Because the point A is the centre of the circle BCD, AC is equal (Def. 15) to AB. And because the point B is the centre of the circle ACE, BC is equal to BA. But it has been proved that CA is equal to AB. Therefore the two straight lines CA, CB, are each of them equal to AB. But things which are equal to the same thing are equal (4x. 1) to one another. Therefore CA is equal to CB. Wherefore the three sides CA, AB, BC, are equal to one another. The triangle ABC is, therefore, equilateral; and it is described upon the given straight line AB. Q. E. F.
PROP. II. (PROBLEM.)-From a given point (A) to draw a straight line equal to a given straight line (BC).
From the point A to B draw (Post. 1) the straight line AB. Upon AB describe (I. 1) the equilateral triangle DAB. Produce (Post. 2) the straight lines DA, DB, to the points E and F. From the centre B, at the distance BC, describe (Post. 3) the circle CGH. From the centre D, at the distance DG, describe the circle GKL. Then, the straight line AL is equal to BC.
Because the point B is the centre of the circle CGH, BC is equal (Def. 15) to BG. And because the point D is the centre of the circle GKL, DL is equal to DG. But (Const.) DA, DB, parts of these equals, are equal. Therefore the remainder AL is equal (4x. 3) to the remainder BG. But it has been shown that BC is equal to BG. Wherefore AL and BC are each of them equal to BG. And things that are equal to the same thing are (Ax. 1) equal to one another. Therefore the straight line AL is Wherefore equal to the straight line BC.
from the given point A, a straight line AL has
PROP. III. (PROBLEM.)-From the greater of two given straight lines (AB) to cut off a part equal to the less (C).
From the point A draw (I. 2) the straight line AD equal to C. From the centre A, at the distance AD, describe (Post. 3) the circle DEF. Then the part AE shall be equal to C.
Because A is the centre of the circle DEF, AE is equal (Def. 15) to AD. But the straight line C is likewise equal (Const.) to AD. Therefore AE and C are each of them equal to AD. Wherefore the straight line A E is equal (4x. 1) to C. Therefore from AB the greater of two given straight lines, a part AE has been cut off equal to C the less. Q. E. F.
PROP. IV. (THEOREM.)--If two triangles (ABC, DEF) have two sides of the one (AB, AC) equal to two sides of the other (DE, DF), each to each (viz., AB to DE, and AC to DF), and have likewise the angles (BAC, EDF) contained by these sides equal to one another, their bases (BC and EF), or third sides, are equal; the two triangles (ABC, DEF) are equal; and their other angles are equal, each to each, viz. those to which the equal sides are opposite; and the remaining angles of the one are equal to the remaining angles of the other, each to each, viz., those to which the equal sides are opposite.
For, if the triangle ABC be applied to the triangle DEF, so that the point A may be on the point D, and the straight line AB upon the straight line DE. The point
B shall coincide (that is, fall upon, so as
PROP. V. (THEOREM.)—The angles (ABC, ACB) at the base of an isoscele triangle (ABC) are equal to one another; and if the equal sides (A B, AC) be produced (to D and E), the angles (DBC, ECB) upon the other side of the base shall be equal.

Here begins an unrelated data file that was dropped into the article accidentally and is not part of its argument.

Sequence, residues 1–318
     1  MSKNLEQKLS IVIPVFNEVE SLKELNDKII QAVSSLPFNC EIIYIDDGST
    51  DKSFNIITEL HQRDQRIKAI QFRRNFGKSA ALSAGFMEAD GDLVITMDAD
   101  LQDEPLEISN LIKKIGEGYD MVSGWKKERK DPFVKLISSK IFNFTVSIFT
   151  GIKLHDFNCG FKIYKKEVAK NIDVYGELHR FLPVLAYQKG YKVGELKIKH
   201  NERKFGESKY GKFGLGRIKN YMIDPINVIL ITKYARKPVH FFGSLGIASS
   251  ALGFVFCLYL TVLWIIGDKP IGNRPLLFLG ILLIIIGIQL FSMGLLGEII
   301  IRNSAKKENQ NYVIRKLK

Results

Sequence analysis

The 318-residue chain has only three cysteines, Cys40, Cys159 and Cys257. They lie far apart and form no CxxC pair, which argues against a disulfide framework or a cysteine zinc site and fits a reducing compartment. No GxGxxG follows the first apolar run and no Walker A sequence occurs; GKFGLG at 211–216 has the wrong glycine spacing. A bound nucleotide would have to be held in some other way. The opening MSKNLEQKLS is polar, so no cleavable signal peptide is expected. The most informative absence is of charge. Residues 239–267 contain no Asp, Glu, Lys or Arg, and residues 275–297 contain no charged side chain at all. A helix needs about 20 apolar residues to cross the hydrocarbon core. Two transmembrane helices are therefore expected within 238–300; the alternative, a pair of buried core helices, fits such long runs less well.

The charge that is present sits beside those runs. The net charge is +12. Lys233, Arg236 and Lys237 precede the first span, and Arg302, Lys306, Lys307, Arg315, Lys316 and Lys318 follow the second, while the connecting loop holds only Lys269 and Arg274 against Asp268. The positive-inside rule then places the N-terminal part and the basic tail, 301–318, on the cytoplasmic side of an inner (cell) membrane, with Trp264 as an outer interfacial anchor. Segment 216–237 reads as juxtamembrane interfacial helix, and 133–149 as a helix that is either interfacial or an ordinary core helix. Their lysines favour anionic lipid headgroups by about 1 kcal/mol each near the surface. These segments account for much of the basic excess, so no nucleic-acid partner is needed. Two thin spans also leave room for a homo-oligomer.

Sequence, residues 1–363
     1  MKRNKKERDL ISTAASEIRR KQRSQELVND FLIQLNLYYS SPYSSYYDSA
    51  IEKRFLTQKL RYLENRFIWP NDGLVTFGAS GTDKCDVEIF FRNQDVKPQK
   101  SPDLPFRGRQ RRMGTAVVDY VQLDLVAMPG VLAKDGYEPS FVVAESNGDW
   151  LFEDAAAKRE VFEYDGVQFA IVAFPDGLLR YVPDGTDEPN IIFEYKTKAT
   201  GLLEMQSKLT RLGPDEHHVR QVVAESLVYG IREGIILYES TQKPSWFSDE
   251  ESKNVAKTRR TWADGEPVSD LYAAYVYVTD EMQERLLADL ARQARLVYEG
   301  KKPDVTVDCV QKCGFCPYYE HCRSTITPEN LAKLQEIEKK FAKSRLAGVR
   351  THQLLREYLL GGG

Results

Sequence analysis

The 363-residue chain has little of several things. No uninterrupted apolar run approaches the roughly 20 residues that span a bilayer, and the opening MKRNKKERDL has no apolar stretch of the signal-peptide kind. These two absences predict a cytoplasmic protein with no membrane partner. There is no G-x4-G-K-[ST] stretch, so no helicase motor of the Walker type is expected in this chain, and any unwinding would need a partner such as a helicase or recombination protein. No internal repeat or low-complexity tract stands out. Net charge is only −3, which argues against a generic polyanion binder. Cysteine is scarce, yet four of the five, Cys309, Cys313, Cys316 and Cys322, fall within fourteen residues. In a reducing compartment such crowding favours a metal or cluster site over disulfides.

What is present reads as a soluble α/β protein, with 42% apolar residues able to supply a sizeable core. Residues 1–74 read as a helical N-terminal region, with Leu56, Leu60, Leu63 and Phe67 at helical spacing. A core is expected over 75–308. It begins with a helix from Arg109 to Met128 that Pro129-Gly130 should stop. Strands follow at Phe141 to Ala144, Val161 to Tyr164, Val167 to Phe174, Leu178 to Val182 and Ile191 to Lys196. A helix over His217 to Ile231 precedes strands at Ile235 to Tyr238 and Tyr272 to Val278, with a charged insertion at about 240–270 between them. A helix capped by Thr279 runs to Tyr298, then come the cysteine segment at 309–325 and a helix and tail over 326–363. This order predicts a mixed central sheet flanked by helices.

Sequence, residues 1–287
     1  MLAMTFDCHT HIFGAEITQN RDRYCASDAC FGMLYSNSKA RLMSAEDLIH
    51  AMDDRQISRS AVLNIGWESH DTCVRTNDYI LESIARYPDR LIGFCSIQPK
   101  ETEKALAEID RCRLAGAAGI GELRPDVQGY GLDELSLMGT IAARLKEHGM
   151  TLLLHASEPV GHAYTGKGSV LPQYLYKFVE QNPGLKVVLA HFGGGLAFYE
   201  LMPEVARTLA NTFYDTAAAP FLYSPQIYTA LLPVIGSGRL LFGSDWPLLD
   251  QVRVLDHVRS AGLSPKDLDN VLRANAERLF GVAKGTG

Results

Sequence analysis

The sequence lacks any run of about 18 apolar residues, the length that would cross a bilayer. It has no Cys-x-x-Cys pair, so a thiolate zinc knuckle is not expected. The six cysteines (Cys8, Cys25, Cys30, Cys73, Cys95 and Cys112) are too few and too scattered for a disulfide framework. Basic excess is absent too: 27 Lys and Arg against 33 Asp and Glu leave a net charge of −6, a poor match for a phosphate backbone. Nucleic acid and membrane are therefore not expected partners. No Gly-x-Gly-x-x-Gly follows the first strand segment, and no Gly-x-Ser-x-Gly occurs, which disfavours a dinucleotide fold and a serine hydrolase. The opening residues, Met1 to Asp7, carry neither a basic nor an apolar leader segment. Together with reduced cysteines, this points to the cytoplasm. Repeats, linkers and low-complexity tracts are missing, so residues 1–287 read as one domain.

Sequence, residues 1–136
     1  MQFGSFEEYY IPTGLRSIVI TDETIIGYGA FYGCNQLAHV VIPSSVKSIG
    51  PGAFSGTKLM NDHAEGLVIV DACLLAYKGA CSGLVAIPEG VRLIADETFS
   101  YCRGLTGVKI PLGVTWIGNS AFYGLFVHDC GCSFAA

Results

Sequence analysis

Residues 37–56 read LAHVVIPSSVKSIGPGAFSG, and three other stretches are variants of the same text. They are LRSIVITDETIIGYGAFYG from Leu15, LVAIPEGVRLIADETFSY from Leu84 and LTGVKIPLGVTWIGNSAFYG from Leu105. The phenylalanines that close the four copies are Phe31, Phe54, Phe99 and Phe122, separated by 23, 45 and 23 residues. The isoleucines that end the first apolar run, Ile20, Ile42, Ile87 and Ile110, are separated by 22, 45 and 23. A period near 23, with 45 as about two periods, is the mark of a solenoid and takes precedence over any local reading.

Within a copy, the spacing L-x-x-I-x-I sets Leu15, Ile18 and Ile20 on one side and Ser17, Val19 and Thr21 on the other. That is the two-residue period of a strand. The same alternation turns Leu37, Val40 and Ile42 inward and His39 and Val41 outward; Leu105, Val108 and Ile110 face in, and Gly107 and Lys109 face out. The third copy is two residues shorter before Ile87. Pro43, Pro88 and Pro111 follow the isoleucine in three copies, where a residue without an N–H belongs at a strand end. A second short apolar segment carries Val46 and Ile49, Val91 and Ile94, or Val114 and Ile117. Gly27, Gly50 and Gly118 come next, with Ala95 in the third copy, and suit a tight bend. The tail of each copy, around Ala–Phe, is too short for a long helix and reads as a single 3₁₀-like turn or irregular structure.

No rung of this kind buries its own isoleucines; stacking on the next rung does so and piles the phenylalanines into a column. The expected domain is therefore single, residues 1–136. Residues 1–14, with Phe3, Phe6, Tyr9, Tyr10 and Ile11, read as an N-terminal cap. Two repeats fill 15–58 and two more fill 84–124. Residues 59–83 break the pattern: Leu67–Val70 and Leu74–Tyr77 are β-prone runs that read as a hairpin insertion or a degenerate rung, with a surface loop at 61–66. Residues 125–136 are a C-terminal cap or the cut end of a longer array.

In BD take any point F, and from AE the greater, cut off AG equal (I. 3) to AF the less. Join FC, GB.
Because in the two triangles AFC, AGB, AF is equal to (Const.)
AG, and AB to (Hyp.) A C. the two sides FA, AC are equal to the two sides GA, AB, each to each; and they contain the angle FAG common to the two triangles AFC, AGB. Therefore the base FC is equal (I. 4) to the base GB, and the triangle AFC to the triangle AGB. Also, the remaining angles of the one are equal (I. 4) to the remaining angles of the other, each to each, viz., those to which the equal sides are opposite; that is, the angle ACF to the angle ABG, and the angle AFC to the angle AGB. Again, because the whole AF is equal to the D whole AG, of which the parts AB, AC, are
equal. Therefore the remainder BF is equal (4r 3) to the remainder CG. But, FC was proved to be equal to GB. Therefore, in the two triangles BFC, GCB, the two sides BF, FC are equal to the two sides CG, GB, each to each. And the angle BFC was proved to be equal to the angle CGB. Wherefore the two triangles BFC, CGB are equal (I. 4), and their remaining angles are equal, each to each, viz., those to which the equal sides are opposite. Therefore the angle FBC is equal to the angle GCB, and the angle BCF to the angle CBG. But it has been demonstrated, that the whole angle ABG is equal to the whole angle ACF, and the part CBG of the one, equal to the part BCF of the other. Therefore the remaining angle ABC is equal (Ax. 3) to the remaining angle ACB, and these are the angles at the base of the triangle ABC. It has also been proved that the angle FBC is equal to the angle GCB, and these are the angles upon the other side of the base. Therefore the angles at the base, &c. Q. E. D.
PROP. VI. (THEOREM.)—If two angles (ABC, ACB) of a triangle (ABC) be equal to one another, the sides (AB, AC) which subtend or are opposite to the equal angles, are equal to one another.
For, if AB be not equal to AC, one of them is greater than the other. Let AB be the greater; and from BA cut (I. 3) off BD equal to AC, the less. And join DC. Because in the two triangles DBC, ACB, the side DB is equal to the side AC, and BC is common to both, the two sides DB, BC are equal to the two sides AC, CB, each to each; and the angle DBC is equal to the angle (Hyp.) ACB. Therefore the base DC is equal to the base AB; and the triangle DBC is equal to the triangle (I. 4) ACB, the less to the greater, which is absurd. Therefore AB is not unequal to AC; that is, AB is equal to AC. Wherefore, if two angles, &c. Q. E. D.